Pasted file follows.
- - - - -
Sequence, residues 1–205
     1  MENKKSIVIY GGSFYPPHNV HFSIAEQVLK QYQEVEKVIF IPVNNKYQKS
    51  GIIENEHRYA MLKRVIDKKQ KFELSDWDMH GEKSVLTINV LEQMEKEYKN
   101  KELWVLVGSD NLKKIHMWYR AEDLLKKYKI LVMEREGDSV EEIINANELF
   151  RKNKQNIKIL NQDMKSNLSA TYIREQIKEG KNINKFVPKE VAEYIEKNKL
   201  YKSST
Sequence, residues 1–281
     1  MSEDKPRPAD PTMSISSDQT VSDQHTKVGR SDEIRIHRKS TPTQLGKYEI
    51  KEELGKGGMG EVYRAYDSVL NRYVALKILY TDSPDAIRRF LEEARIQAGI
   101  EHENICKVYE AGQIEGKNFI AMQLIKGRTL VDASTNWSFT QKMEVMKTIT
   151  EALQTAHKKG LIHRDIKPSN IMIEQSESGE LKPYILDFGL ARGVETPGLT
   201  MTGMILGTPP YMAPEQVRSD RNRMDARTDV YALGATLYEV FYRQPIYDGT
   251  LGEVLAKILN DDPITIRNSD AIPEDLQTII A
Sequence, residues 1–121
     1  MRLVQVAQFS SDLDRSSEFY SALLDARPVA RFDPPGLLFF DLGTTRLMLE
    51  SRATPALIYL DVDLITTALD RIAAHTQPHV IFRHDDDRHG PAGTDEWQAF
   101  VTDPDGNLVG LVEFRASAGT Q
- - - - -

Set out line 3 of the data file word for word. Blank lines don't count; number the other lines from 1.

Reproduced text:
    51  GIIENEHRYA MLKRVIDKKQ KFELSDWDMH GEKSVLTINV LEQMEKEYKN